Forest Service delays building begin on Mad Rabbit trails venture

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A row of aspens has turned pale yellow on US Highway 40 at Rabbit Ears Pass. A drive over the pass should offer views of intermittent patches of fall colors that continue to brighten.

STEAMBOAT SPRINGS – The US Forest Service has delayed a possible start of construction on the Mad Rabbit Trails project, a series of trails connecting Mad Creek to Rabbit Ears Pass.

Forest Service Recreation Specialist Brendan Kelly told the 2A Trails Accommodation Tax Committee – made up of Steamboat Springs City officials, Steamboat Chamber officials, and community members – that the Forest Service needed to hire a permanent ranger for the project. The ranger is from the Tahoe National Forest and starts March 1st.

“We can’t really offer a construction and development schedule until we have a permanent ranger,” said Kelly.

Before construction can begin, the forest service must publish a draft environmental assessment, which has a public comment period of 30 days and an objection period of 45 days. Kelly said the Forest Service estimates that a first draft will be ready in May and if all goes smoothly within the comment and objection deadlines, the assessment will be completed in August and the foundation stone laid in 2022.

In addition to delaying the environmental review, Kelly said the Forest Service has now partnered with Colorado Parks and Wildlife to ensure that wildlife in the area is not harmed by the construction of trails and human use of the areas.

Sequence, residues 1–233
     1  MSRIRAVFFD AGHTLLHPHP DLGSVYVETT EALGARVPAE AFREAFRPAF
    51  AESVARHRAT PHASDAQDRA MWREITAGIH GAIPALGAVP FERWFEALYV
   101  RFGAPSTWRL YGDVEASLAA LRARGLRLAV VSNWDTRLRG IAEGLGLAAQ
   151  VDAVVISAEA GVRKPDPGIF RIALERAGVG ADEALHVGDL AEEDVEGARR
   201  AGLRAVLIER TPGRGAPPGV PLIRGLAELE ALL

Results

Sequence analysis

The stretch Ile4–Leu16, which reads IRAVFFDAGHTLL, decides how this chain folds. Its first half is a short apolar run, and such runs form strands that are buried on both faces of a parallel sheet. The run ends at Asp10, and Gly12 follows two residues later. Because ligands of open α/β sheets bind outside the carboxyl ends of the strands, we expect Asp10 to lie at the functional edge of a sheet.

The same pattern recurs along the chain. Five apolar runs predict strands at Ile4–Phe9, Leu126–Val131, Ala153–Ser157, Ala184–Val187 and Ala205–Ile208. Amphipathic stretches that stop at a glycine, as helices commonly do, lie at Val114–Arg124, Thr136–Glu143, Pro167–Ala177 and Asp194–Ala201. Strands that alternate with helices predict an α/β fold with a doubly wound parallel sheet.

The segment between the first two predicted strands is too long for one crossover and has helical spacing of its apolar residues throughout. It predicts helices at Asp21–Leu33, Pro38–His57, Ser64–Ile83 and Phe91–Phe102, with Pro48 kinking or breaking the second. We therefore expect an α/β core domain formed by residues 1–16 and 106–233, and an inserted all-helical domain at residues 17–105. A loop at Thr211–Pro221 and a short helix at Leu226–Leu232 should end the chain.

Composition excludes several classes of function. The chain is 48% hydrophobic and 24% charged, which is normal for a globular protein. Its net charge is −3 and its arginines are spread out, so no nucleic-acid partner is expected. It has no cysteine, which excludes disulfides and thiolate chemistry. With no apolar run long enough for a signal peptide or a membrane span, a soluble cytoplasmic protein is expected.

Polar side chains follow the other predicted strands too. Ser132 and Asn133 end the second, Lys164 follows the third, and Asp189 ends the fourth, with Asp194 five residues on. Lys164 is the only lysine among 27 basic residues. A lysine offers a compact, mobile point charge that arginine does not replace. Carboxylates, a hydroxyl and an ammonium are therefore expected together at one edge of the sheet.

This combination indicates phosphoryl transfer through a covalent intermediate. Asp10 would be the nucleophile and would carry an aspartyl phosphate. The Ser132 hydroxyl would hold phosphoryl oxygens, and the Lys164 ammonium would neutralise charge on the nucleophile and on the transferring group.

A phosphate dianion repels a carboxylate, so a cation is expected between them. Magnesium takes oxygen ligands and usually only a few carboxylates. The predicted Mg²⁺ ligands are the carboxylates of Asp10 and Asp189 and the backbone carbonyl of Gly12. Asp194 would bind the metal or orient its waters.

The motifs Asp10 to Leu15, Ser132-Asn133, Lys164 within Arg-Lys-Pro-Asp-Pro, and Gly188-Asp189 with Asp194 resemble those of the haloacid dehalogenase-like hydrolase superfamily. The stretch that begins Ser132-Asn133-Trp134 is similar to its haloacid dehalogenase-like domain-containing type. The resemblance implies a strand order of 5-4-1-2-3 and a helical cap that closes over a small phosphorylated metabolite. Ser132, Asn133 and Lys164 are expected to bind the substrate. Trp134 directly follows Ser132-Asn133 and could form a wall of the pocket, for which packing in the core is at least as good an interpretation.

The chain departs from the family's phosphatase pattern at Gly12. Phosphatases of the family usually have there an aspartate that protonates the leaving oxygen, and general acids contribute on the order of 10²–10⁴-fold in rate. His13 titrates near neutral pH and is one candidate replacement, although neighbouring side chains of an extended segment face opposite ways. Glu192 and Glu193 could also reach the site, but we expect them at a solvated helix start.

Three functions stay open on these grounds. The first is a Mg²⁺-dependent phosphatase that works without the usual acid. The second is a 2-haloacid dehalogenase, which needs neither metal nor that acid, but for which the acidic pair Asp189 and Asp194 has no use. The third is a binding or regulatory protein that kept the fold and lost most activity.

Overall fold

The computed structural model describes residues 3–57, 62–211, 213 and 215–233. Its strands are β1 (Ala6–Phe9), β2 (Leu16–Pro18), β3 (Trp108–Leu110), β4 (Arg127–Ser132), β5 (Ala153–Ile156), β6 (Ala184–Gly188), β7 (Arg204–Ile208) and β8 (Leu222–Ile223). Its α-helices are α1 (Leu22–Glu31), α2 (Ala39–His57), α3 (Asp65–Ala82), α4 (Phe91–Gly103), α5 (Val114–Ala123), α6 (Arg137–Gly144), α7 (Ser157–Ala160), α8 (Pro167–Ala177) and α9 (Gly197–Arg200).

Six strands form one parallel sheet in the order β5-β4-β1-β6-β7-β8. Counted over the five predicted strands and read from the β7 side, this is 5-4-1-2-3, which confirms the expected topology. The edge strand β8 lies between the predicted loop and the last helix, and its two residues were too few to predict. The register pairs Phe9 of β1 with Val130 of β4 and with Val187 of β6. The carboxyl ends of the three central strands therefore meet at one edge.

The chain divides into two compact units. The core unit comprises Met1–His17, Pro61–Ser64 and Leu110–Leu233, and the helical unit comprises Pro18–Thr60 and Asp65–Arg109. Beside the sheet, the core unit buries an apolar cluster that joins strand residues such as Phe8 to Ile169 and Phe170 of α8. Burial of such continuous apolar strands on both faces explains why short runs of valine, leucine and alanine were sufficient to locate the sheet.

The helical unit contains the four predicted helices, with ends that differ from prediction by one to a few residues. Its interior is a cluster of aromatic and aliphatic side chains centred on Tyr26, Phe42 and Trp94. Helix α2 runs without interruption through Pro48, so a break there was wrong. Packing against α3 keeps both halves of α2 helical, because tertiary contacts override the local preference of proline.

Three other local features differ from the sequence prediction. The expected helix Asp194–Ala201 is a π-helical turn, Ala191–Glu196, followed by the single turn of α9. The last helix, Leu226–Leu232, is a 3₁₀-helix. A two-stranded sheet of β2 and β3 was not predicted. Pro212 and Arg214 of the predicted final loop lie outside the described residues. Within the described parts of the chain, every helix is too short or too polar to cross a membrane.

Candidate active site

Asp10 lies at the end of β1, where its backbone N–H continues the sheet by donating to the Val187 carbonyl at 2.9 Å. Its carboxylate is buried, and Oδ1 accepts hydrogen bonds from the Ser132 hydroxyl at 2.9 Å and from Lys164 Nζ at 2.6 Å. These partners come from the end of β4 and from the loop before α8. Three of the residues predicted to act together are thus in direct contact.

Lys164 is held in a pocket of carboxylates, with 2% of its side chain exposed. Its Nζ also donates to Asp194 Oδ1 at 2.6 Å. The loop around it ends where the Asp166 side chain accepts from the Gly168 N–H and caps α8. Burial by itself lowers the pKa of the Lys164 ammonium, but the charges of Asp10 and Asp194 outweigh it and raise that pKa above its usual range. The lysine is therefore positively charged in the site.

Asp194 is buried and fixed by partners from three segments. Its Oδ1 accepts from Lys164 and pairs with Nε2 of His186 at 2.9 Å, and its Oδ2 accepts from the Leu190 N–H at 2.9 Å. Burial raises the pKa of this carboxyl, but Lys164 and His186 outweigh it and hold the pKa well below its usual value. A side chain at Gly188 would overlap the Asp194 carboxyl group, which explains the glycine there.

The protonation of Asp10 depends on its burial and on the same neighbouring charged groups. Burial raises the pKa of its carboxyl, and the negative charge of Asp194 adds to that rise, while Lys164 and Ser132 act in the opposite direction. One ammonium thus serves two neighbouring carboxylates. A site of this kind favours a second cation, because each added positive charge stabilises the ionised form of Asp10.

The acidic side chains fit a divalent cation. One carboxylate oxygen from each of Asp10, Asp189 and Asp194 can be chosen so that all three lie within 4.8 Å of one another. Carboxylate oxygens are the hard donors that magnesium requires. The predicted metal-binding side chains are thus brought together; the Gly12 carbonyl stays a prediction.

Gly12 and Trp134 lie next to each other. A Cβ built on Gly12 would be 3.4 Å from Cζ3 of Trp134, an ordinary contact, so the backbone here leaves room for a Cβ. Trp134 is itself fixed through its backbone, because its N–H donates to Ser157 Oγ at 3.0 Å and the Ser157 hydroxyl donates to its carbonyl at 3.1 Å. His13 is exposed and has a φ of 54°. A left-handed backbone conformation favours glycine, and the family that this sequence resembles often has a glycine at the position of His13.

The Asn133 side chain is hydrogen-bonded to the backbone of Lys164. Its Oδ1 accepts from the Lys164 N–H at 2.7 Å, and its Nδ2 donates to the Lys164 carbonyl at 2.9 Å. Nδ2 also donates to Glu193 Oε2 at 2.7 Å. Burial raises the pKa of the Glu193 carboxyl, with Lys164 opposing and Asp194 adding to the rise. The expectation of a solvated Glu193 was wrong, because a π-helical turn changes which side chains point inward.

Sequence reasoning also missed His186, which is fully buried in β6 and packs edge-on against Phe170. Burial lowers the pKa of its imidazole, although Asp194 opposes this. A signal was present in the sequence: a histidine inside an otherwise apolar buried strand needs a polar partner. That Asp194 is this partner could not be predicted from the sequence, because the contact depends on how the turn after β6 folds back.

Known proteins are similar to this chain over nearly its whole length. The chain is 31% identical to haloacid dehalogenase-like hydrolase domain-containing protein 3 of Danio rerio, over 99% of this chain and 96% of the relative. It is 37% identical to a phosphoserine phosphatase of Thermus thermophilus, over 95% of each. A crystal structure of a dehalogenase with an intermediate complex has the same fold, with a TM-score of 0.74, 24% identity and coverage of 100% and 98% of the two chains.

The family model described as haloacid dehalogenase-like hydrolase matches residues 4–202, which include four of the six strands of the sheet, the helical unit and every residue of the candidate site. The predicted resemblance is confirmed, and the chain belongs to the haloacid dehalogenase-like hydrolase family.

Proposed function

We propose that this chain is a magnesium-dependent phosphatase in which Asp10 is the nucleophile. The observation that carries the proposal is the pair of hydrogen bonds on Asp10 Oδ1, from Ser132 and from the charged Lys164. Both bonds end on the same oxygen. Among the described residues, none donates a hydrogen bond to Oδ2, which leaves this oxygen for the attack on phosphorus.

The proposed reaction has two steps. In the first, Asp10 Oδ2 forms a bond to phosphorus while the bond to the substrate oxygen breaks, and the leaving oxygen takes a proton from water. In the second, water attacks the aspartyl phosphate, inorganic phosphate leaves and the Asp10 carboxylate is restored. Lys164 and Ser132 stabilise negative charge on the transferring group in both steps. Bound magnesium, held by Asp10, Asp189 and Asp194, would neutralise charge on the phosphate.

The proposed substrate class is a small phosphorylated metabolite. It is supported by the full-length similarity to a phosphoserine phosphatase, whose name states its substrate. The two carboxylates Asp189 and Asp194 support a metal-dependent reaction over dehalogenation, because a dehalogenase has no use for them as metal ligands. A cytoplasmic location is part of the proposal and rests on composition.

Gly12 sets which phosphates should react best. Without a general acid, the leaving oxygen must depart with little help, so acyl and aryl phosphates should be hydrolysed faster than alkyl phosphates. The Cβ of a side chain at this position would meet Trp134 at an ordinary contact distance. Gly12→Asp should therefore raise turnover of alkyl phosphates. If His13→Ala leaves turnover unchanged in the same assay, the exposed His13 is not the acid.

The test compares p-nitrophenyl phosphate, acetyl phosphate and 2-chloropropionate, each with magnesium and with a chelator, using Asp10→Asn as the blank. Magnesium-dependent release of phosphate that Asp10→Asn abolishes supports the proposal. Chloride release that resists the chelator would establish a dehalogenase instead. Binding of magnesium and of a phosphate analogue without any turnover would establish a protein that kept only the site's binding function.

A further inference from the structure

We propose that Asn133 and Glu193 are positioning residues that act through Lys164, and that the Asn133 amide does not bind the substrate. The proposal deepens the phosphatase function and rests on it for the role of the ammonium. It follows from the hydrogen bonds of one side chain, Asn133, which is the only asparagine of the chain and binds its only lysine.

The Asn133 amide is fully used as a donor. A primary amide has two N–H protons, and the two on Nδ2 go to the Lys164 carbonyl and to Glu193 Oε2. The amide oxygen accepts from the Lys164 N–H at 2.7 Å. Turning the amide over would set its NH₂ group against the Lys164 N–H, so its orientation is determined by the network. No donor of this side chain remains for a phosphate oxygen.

Larry Desjardin, president of Keep Routt Wild, a wildlife nonprofit, said parks and wildlife joining the project are “a big deal”.

“I wish it was a long time ago,” said Desjardin. “I think that can be a lot more positive as wildlife can be included in the creation of the plan.”

Desjardin said while the delay may be frustrating for some, he hopes the forest service will use this as an opportunity to reconsider the location of certain trails using new digital elk calf maps. Desjardin hopes the Forest Service will place more trails south of US Highway 40 than north to minimize disruption to the moose.

“I think this can be a lot more positive as it allows wildlife to be included in the creation of the plan,” Desjardin said.

The Housing Tax Committee was established by a resolution of the Steamboat City Council and will serve as an advisory committee for 10 years as approved under the 2A Electoral Act. Funding was approved in 2013 and will end in 2023. Currently, funding from the measure has to be spent on a specific list of avenues, although some members of the committee expressed support for asking voters to approve funding for another location.

“This is a very long, deliberate process that will be required to get the mad rabbit approved,” said Jason Landers, a member of the entire committee. “Maybe we can open the book again and ask the city if they need more core trails or Howelsen needs new trails.”

Winnie DelliQuadri, director of urban projects and intergovernmental services on the committee, stressed that such a move would have to be approved by the city’s voters, which could take even longer than waiting for the forest service to complete its assessment.